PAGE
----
Endoscopic stenting should be advocated in patients with stage IV colorectal cancer presenting with acute obstruction.
Lim T-Z., Chan DKH., Tan K-K.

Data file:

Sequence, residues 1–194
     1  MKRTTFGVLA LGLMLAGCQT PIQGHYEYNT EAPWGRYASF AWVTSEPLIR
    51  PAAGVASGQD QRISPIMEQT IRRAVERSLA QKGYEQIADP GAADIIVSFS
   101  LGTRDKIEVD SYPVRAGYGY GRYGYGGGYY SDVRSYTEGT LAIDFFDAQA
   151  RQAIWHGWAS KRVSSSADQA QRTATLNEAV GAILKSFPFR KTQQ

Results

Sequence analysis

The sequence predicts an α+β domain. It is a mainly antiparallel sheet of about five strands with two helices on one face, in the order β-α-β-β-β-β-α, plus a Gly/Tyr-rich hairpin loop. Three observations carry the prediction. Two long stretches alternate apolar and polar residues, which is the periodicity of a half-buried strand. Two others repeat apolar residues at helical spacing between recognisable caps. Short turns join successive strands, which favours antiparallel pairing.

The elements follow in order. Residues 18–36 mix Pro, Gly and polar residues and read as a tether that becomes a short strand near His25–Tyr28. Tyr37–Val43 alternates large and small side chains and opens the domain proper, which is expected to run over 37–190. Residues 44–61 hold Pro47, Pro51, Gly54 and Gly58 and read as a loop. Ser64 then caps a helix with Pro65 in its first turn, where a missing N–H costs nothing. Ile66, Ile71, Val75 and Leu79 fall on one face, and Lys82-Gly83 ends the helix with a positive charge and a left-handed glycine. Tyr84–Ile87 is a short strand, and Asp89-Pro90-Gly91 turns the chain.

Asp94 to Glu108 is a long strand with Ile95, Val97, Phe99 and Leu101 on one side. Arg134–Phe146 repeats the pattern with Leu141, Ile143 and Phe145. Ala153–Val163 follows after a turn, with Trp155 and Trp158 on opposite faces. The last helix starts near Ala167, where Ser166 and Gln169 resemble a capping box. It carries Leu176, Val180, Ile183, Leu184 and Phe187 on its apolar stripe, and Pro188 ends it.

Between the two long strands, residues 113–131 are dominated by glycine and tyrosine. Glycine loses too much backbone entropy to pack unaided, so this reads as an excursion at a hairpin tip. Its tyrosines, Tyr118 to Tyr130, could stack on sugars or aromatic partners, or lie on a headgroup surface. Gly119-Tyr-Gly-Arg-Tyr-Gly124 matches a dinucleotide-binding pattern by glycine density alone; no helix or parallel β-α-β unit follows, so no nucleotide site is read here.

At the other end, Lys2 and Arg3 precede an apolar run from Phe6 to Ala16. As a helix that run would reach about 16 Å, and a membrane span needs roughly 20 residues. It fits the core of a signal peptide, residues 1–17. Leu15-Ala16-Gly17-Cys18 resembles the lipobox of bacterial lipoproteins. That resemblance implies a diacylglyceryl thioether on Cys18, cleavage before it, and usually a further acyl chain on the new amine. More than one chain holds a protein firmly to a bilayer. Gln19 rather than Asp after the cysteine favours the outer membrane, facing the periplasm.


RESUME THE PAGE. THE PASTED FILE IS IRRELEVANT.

BACKGROUND: It remains contentious whether endoscopic stenting or upfront surgery is more optimal in patients with metastatic colorectal cancers presenting with large bowel obstruction. METHODS: A retrospective review of all patients with metastatic colorectal cancer who underwent either endoscopic stenting or emergency surgery for acute large bowel obstruction was performed. RESULTS: Between January 2007 and June 2014, 66 patients, median age, 64 (range, 25-96) years, presented with acute large bowel obstruction from metastatic colorectal cancer. Forty (60.6%) patients underwent endoscopic stenting whilst the rest received immediate upfront surgical intervention. Of the 40 patients, 29 (72.5%) were successfully stented. The remaining 11 (27.5%) patients who failed endoscopic stenting required immediate emergency surgery to relieve the obstruction. Patients who failed endoscopic stenting had worse complications than those patients who had their stents successfully inserted [odds ratio (OR), 23.3; 95% confidence interval (CI), 2.29-250.00, P=0.004]. Patients who underwent emergency surgery had a longer median length of stay than patients who had successful endoscopic stenting (P=0.003). The patients that underwent successful stenting had earlier commencement of chemotherapy compared to those who had upfront surgery (P=0.02). There was no difference in stoma creation rates between patients who had emergency surgery versus those who were successfully stented. CONCLUSIONS: Stenting is a safe option in patients with stage IV colorectal cancer presenting with acute large bowel obstruction. Earlier commencement of chemotherapy occurs in patients who were successfully stented. Patients who failed stenting have equivalent outcomes to those who undergone upfront emergency surgery.